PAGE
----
Deere leaves CO2 cap-and-trade group

By Dow Jones Newswires
Posted Aug. 25, 2010 at 1:56 p.m.

Deere & Co. has quietly dropped out of a coalition of large companies that has supported a cap-and-trade program for reducing carbon dioxide emissions.

Deere, the world’s largest manufacturer of farm machinery, opted to leave the U.S. Climate Action Partnership in May because the group’s legislative strategy “no longer served as a foundation for moving forward” with climate change regulation, Ken Golden, a spokesman for the company said Tuesday.

“We came to the conclusion that Deere had other opportunities to be involved in climate change initiatives,” Golden said.

The Moline, Ill., company joins a handful of others that have left the partnership in recent months, as political support erodes for comprehensive energy legislation that includes a cap-and-trade program and stricter mandates for energy conservation. Other members to leave the group include construction machinery company Caterpillar Inc.  and energy companies BP PLC and ConocoPhillips Co.

A spokesman for the partnership, Tad Segal, offered no reaction to Deere’s reasons for leaving the group, but credited the company with “playing a valuable and significant role” in developing the group’s policy initiatives.

“As with every coalition, there have been membership changes, including departures and new memberships,” said Segal.

About two dozen companies remain, including  General Electric Co., Johnson & Johnson, Siemens AG and Alcoa Inc.  The group also has picked up four new members in the last year, including Honeywell International Inc. and Weyerhaeuser Co.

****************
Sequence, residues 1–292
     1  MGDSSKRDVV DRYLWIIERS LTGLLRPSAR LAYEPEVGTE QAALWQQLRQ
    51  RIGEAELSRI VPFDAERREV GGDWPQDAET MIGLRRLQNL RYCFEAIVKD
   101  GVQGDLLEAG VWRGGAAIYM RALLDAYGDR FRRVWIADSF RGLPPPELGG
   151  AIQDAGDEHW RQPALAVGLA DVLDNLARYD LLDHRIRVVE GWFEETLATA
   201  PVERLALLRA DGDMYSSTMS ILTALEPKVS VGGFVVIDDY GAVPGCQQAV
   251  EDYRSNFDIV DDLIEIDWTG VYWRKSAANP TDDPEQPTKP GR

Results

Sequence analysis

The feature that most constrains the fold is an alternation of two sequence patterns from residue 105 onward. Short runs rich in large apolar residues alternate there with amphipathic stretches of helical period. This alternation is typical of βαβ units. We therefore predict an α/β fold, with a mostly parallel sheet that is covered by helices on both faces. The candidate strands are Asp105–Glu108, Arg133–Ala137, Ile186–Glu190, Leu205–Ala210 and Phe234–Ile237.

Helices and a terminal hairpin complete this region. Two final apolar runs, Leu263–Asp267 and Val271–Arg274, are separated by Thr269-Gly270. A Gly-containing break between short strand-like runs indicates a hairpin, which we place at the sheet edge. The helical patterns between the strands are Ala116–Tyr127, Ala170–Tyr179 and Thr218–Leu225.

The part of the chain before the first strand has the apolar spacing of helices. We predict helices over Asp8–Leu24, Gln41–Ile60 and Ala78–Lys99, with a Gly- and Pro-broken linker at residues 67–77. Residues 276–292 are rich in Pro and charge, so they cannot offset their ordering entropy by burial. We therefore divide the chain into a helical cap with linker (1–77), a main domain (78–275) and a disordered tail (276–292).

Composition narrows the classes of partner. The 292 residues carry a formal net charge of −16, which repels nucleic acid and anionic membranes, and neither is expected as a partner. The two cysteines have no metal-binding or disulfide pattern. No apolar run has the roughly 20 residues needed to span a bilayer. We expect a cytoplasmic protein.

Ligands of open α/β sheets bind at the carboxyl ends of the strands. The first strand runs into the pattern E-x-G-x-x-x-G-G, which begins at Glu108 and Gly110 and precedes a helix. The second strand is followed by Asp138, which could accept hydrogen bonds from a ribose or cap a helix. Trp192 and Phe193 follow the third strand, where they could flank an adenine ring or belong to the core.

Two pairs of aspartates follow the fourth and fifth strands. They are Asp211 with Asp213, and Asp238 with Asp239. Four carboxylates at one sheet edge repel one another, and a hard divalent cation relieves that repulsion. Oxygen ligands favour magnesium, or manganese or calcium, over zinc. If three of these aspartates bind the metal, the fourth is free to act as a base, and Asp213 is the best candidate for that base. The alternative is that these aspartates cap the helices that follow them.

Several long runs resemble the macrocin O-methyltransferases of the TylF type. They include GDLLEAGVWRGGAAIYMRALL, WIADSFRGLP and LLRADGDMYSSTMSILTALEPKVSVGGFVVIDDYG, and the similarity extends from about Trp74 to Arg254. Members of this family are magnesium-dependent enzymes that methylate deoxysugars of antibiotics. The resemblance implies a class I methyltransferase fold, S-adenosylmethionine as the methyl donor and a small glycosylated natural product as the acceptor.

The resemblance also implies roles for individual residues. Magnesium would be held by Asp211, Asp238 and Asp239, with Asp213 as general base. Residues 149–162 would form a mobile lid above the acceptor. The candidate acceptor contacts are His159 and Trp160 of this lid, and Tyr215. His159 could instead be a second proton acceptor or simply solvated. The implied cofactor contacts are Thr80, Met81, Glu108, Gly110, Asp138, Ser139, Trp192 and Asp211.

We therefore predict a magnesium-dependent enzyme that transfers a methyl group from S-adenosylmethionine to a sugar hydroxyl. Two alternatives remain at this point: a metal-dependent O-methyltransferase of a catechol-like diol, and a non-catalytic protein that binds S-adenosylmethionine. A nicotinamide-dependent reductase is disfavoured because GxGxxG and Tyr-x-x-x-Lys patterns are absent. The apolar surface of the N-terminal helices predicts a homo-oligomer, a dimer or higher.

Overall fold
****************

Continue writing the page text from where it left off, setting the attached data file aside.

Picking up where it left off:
The Washington-based coalition, founded in 2007, has been a lightning rod since its January 2009 Blueprint for Legislative Action recommended creating a phased-in cap-and-trade system for U.S. producers of carbon dioxide, the main ingredient in the heat-trapping greenhouse gas identified as the source of climate warming.

Under such a program, carbon dioxide producers, such as coal-fired power plants, would have their carbon emissions capped at a certain level by government-issued credits or allowances. Those that exceed the limits would have to buy additional credits from carbon producers whose emissions fall below their allowable amount.

A cap-and-trade program aimed at reducing carbon emissions by more than 80 percent by 2050 was included in energy legislation passed by the  House of Representatives in 2009. But the bill has been bogged down in the Senate by intense bipartisan opposition to cap-and-trade provisions. Carbon-emitting companies argue that a cap-and-trade system would put them at a disadvantage to competitors in countries that don’t regulate carbon dioxide. The weak U.S. economy and the threat of job losses caused by cap-and-trade have added momentum to the opposition.

Two conservative policy groups subjected Deere to public pressure this spring in hopes of turning its employees against their company’s membership in the partnership.

In television commercials that aired in April in Moline and Waterloo, Iowa — home of Deere’s tractor assembly plants — FreedomWorks and the National Center for Public Policy Research’s Free Enterprise Project said cap-and-trade legislation would put Deere’s U.S. employees at risk of losing their jobs if the company pursues lower-cost manufacturing sites overseas.

The ads also accused Deere of supporting “back-room deals” by members of Congress to assemble enough votes to pass carbon regulation.

Tom Borelli, director of the Free Enterprise Project, said the commercials helped persuade Deere Chairman and Chief Executive Samuel Allen to depart the climate coalition.

Deere rejected that notion.

“Deere made a decision independent of the opinions of other organizations,” Golden, the company spokesman, said. “Our involvement with various trade and industry organizations is routinely reviewed.”

He added the company remains affiliated with other environmental groups it believes can influence climate change legislation. Deere is a member of the U.S. Environmental Protection Agency’s Climate Leaders program and participates in the Business Environmental Leadership Council.

Deere’s stock was  down 1.3 percent in afternoon trading, at $61.54.


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